Supporting Wellness Through Arts Experiences
Dave Heaton '89 and Lucy Heaton discuss the connection between the arts, lifelong wellness, and how arts expand students' potential beyond the classroom.
Dave and Lucy Heaton believe that arts experiences contribute to lifelong wellness, helping to expand personal growth outside of the classroom and to provide a space of relief from the pressures of student life.
Dave, who graduated from Duke in 1989, met his wife Lucy in Manhattan in 1992. He had no idea that she too had a tie to Duke: Her father, Peter Williams, was an eminent organ scholar and leading expert on Johann Sebastian Bach. He left England for Durham, North Carolina, when he was appointed a Duke University music professor and chair of the Duke Music Department in 1985-8. Williams was later director of the Graduate Center for Performance Practice Studies (1990-97), and he was also an organist for Duke Chapel (1985-1990). As a teenager, Lucy would spend summer and Christmas in Durham. “I would go to concerts at Duke, I would go to the Christmas service in the Chapel. I was quite the happy spectator of Duke endeavors in the arts!”
“I loved the facilities at Duke, particularly the funky music department building. When I met Dave in the 1990s, we connected the dots and found out that Dave had taken one of my dad’s courses,” shared Lucy.
“I took Professor Williams’s class because he was an easy A,” said Dave with a smile in his voice.
Decades after Dave and Lucy crossed paths in the Biddle Music building, their older daughter found herself taking a music course with her late grandfather’s former colleague, Dr. Larry Todd—at one meeting, they sat next to one of the very organs her grandfather played. She would later meet Duke Carillonneur, J. Sam Hammond, who was quick to share his memories of working alongside Professor Williams in the 1980s and 90s.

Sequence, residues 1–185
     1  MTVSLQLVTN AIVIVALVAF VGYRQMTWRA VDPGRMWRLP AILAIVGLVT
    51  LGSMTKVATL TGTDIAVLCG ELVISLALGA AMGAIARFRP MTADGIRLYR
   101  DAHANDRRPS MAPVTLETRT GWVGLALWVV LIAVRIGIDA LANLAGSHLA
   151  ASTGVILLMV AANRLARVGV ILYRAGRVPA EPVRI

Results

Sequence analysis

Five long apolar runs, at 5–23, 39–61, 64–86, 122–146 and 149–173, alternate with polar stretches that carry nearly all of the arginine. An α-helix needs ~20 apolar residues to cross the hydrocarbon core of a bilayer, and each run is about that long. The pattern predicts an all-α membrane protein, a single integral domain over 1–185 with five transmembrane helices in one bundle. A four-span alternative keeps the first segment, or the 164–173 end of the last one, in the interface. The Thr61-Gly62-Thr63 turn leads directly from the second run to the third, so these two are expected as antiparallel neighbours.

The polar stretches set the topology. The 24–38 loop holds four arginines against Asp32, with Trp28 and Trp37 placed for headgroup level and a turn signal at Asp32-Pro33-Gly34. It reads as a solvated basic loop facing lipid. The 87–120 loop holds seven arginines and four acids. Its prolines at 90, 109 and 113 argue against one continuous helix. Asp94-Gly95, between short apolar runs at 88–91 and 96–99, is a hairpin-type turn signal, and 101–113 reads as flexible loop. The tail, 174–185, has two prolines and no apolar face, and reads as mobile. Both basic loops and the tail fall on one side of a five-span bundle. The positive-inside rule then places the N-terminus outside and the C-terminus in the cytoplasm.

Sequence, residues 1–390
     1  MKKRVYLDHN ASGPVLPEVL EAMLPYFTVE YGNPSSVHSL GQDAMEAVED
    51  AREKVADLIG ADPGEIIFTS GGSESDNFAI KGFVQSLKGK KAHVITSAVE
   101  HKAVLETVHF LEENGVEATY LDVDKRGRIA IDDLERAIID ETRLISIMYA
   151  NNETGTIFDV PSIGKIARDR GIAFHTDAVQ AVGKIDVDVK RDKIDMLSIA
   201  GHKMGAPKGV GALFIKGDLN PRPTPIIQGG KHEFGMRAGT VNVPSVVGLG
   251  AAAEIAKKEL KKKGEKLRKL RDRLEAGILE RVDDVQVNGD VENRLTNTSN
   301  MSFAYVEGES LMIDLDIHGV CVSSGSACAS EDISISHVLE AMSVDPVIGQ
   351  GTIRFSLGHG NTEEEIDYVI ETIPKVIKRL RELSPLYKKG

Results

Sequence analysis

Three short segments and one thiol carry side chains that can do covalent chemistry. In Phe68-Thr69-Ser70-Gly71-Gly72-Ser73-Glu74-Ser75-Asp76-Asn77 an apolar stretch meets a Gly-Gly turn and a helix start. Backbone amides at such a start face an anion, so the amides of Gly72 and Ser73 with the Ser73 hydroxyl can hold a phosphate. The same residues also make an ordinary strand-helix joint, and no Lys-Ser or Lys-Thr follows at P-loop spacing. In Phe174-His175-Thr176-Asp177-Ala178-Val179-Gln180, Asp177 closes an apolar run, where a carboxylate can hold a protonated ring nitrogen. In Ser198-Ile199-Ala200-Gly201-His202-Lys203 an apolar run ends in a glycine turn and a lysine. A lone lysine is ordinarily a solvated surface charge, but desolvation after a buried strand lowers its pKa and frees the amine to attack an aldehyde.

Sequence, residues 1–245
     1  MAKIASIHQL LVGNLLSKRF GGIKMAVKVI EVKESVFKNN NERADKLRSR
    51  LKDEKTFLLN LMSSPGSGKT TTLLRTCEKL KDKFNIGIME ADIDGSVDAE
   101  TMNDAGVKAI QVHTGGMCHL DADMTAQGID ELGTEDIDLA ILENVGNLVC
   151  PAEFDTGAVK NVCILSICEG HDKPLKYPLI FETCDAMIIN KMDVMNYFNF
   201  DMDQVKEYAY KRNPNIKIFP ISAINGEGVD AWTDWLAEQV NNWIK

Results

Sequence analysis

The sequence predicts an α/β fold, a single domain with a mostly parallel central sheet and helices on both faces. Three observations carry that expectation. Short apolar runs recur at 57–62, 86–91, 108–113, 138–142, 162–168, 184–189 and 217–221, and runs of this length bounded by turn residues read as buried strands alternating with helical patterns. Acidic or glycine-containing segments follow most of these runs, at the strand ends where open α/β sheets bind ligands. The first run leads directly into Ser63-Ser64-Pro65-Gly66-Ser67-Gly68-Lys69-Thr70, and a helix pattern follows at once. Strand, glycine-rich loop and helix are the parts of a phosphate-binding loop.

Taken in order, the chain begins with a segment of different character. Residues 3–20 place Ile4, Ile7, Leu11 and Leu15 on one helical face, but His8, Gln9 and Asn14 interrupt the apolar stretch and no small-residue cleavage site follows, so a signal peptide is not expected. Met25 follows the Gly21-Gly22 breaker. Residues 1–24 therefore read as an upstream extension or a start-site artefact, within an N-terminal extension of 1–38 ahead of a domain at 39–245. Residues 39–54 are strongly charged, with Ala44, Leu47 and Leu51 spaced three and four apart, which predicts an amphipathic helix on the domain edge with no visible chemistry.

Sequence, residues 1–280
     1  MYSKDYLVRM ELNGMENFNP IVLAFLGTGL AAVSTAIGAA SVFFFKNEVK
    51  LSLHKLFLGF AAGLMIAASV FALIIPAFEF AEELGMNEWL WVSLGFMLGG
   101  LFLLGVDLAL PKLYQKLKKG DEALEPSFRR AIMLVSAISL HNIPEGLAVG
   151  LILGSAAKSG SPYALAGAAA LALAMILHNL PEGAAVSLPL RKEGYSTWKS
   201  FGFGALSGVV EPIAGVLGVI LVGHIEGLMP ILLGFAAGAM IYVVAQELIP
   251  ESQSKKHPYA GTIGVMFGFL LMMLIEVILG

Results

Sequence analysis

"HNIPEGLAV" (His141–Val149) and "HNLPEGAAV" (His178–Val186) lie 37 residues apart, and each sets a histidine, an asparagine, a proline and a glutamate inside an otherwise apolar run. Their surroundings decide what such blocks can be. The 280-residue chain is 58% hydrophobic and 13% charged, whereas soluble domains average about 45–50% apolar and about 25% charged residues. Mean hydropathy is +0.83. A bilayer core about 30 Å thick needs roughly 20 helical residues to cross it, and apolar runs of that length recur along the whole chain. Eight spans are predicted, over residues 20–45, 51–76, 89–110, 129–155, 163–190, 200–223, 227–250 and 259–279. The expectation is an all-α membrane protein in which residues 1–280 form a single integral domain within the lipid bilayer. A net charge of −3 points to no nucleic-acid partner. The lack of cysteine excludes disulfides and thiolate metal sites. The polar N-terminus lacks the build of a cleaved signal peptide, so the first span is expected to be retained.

The arts at Duke have grown meaningfully in the last forty years. In the last twenty alone Duke Performances, the Nasher Museum of Art, the Vice Provost for the Arts position, the Rubenstein Arts Center, and two MFA programs were all established.
“I remember my father saying that, anecdotally, he felt like at that time more graduate students were involved in the arts than undergraduate students,” said Lucy.
With the incredible strides in physical infrastructure and academic opportunities made since Professor Williams’s tenure, the Heatons are interested in exploring ways in which all students can participate in the arts. When their artistically inclined younger daughter decided to enroll at Duke, their focus on the arts sharpened.
“We have the opportunity to learn more about how the arts—rather than being a separate program—can be an integral outlet for students to relieve the stress and distress of everything that is going on in their daily lives,” explained Dave.
“Duke students are able to enter the workplace not only as smart people, but as good, articulate people, people that are easy to engage with. I have always considered this important balance between the inside and outside of the classroom as a differentiator of Duke.”
Dave is a member of the Trinity College of Arts & Sciences Board of Visitors. “I look to the members of the board to try and find ways to contribute to this part of the Duke community—it is something that is still a priority at Duke.”
The Heatons have pledged their support of arts and wellness, particularly those student-led opportunities that can bridge classroom learning and mindful living. “I think in the last decade, incoming college students have become extremely well-experienced in the arts. I want to grow the opportunities to nurture those talents,” shared Lucy. “So many students want both a liberal arts college experience and an arts education. At Duke, you can do both, and it is a beautiful thing the university is really focusing on the arts.”
“We want to make arts more mainstream on campus,” said Dave. “We love the idea of the arts as an intramural pursuit that anyone can enjoy.”